Easy Ways to Plan A Camping and Fishing Staycation

Easy Ways to Plan A Camping and Fishing Staycation

Matthew Davies image of a fisherman camping at a wilderness lake

As summer begins to draw to an end, many people are trying to get in that last vacation of the year. A lot of people had postponed their vacation due to COVID-19. Many others had to cancel their holiday overseas. All of this is leaving them scrambling for a way to use their vacation days before they expire. I, Matthew Davies, suggest you consider having a staycation. In case you have never heard of this term before, a staycation is where you stay home, but do some of the same things you would on an ordinary vacation. While COVID-19 may limit the activities you can participate in, many state parks and lakes are beginning to reopen. For this reason, I feel you should plan a camping and fishing trip near you. Below, I am going to give you many tips on how you can make this happen. So, without further ado, let’s jump right into it.

State Website

For beginners, you should start by checking your state’s website. The reason is most parks and lakes are owned by the state you live in. It will be your best source of information when planning a trip. It will tell you which parks are open and if there are any restrictions on what you can do while you are on your journey.

When you are doing your search on the website, try to apply a filter that will only bring up the parks’ results that you can both camp and fish. After all, that is the reason for this trip. It wouldn’t be as much fun if you had to stay in a hotel and then travel to your fishing location. Likewise, camping wouldn’t be as much fun if you couldn’t get some fishing in while you were there.

Ensure you are looking in advance for these locations as many parks are limiting their capacity due to the pandemic. If one park is booked for the time you have off, try another. Assuming you live close to the border of two states, you can check the other state for the same information as well. While you are there, check to make sure it is acceptable to have out of state visitors. Some state parks are limiting their accommodations to state residents only. A simple phone call should do the trick if you are unable to find the information online.

Google Search

There are many privately owned campgrounds around the country. If none of the state parks appeal to you, then you could always do a Google search of “campgrounds near me.” Again, some of them may have restrictions on how many people they are allowed to accommodate at one time. If their website does not provide you with enough information, then you should try calling.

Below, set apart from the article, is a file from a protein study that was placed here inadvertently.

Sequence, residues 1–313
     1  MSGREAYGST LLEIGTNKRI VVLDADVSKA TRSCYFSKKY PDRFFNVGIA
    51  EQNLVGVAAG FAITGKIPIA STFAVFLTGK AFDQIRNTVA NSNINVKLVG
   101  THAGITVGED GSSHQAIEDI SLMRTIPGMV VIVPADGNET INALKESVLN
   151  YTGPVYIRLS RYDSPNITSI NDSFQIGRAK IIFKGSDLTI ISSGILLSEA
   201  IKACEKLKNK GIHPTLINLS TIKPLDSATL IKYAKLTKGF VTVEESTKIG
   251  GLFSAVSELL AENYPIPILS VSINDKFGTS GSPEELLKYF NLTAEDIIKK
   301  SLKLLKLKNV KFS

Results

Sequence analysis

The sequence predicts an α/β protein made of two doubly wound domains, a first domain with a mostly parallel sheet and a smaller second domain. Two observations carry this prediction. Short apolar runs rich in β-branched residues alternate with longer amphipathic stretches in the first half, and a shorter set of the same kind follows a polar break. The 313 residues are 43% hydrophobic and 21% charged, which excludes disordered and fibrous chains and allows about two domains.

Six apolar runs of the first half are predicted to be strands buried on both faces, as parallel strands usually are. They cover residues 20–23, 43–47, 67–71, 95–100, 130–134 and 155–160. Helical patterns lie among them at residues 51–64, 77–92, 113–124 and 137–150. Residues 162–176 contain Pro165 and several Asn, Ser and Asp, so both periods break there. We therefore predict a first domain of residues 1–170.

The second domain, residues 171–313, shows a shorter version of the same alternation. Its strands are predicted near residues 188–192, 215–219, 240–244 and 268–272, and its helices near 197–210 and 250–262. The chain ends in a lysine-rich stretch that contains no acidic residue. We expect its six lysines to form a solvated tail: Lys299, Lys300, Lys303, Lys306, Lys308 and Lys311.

Also, when you are using private campgrounds, you will want to make sure they have a good reputation. While it is essential to check if they are practicing safe protocols during these times, you will also want to check how they were before the pandemic. Chances are if they were terrible before all this, they are still going to be bad.

Ask Around

There is a better than average chance that someone you know is interested in camping and fishing. Ask your family and friends if they have any parks they recommend. After all, it is a lot better to take the word of someone you trust rather than some stranger on the internet. Besides, there is no telling if the review you are reading is fake or not. While there are ways to detect if a review is real or fake, sometimes it can be hard to tell. Your friends will generally give you their honest opinion on products and services at the end of the day.

Licensing

No matter which of the above options you take, it is crucial to legally make sure you are on the property. For starters, you will want to make sure you have a valid fishing license for the state or county in which you will be throwing your line in the water. Not having a license is an excellent way to end up with a fine. Nothing ruins a vacation quite like getting a ticket for something that could have quickly been taken care of. Also, the ticket usually ends up costing more than the license would have in the first place.

If you are camping as well, and I certainly hope you will be, you need to make sure you have any required permits to enjoy your stay. Some places sell wood, and others will sell you a pass to fall a small dead tree to make your fire. Depending on your location, you should be advised on whether or not open fires are permitted presently. For example, California and many other southern states may have a burn ban in effect. The reason is that they have not had a lot of precipitation, and summer tends to dry the foliage out, making it easy for a fire to turn into a wildfire.

Stock Up

Make sure before you head out that you are stocked up on all the supplies you will need while you are gone. Some of the things you are going to want are extra clothes (in case of rain or accidentally falling into the water), extra food and water (if you happen to get lost), and extra batteries for all your electronics. These recommendations are on top of the usual things you would take with you on a day trip.

Conclusion

A staycation can be quite fun when appropriately planned. I, Matthew Davies, take one vacation and one staycation a year. I feel it gives me the best of both worlds. I go on holiday to see the world, and I go on a staycation to experience my area’s surroundings more. I hope you have found this beneficial and are able to apply it to your next staycation. Remember, when you are out in public to practice social distancing and wear a mask, you cannot keep the minimum six feet distance. Have fun and be safe!

Tags: , , , , , , , , , , ,